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Gates Foundation helps postsecondary

Highline High School conducts their 2014 graduation ceremony at the ShoWare Center in Kent, Washington on June 16, 2014. Photo courtesy Bill & Melinda Gates Foundation

Gates grant aims to boost WA college attendance

The goal: 70% of high school graduates headed to college by 2035

Gates Foundation helps postsecondary

Author Angela Jones, Director, Bill &b Melinda Gates Foundation Washington State.

Nearly 90% of students in Washington state say they hope to continue their education after high school, but only 50% of graduates today enroll in postsecondary programs that can set them on a path toward the future they want.

I’m excited to share an update about one of our Washington State team’s largest efforts to help close that gap.

Locally led solutions

As someone who has lived, worked in, or traveled to virtually every corner of Washington state, I have met so many hard-working people who are committed to giving back to their local communities. That’s something that unites us all. At the same time, I’ve also seen local towns and counties grapple with challenges and demonstrate strengths that are unique to their region. The pathways to opportunity may look different depending on where a student lives.

We believe we need locally led and designed solutions to truly make an impact.

Today, I’m thrilled to announce the four regional partnerships that will be part of Horizons, a Gates Foundation grant program focused on strengthening local partnerships to help more students successfully transition from high school into a two- or four-year degree program or apprenticeship.

Through Horizons, we’re betting big on the local schools, colleges, and organizations that know their communities best.

Four regions

Our four Horizons partnerships are spread across Washington state – with one on the Kitsap and Olympic peninsulas, another in South King County, a third supporting rural school districts in Southwest Washington, and one covering the Palouse region.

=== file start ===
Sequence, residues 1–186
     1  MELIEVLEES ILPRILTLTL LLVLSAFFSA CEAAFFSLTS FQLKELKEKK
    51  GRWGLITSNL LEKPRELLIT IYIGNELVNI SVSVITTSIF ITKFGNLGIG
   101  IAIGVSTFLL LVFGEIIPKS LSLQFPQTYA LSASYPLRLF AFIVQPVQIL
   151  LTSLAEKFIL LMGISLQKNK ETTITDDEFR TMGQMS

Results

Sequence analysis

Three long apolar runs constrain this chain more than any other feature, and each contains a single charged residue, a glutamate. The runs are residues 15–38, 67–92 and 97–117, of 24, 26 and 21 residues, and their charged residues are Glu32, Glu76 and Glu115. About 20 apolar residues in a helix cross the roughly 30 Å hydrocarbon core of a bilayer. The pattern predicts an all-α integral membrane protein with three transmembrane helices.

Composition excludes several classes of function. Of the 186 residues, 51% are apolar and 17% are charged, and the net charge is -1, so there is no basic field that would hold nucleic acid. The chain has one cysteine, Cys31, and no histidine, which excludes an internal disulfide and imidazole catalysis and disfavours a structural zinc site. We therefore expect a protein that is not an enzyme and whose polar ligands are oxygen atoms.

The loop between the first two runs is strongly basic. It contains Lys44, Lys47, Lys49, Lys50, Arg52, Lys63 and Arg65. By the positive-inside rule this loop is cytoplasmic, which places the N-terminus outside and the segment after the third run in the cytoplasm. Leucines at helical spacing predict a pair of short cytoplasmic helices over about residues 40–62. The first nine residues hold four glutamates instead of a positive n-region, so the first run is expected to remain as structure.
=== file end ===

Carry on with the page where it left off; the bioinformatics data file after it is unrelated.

While they are exploring solutions that will serve all students, they are especially focused on serving students who face the biggest barriers to opportunity, including students from rural and low-income communities, and Black, Latino, and Indigenous students.

Gates Foundation helps postsecondary

Graphic courtesy Bill & Melinda Gates Foundation

Each Horizons region features a “backbone” organization – which could be a school district, educational service district (ESD), or nonprofit – that coordinates the local partnership. Other partners include K-12 school districts, higher education institutions, and workforce, government, and community-based organizations (CBOs).

In addition to grant funding, each Horizons partnership will receive technical assistance to learn more about programs that are proven to help students take the next step after graduation. Technical assistance providers will also help regions build their capacity to access, analyze, and apply data so they can refine programs to meet student needs.

To jumpstart this work, each Horizons partnership received an initial planning grant from the Gates Foundation to work with these technical assistance providers to finalize their partnership’s goals and implementation plan. Horizons partnerships will receive additional funding when their implementation plans are finalized this fall.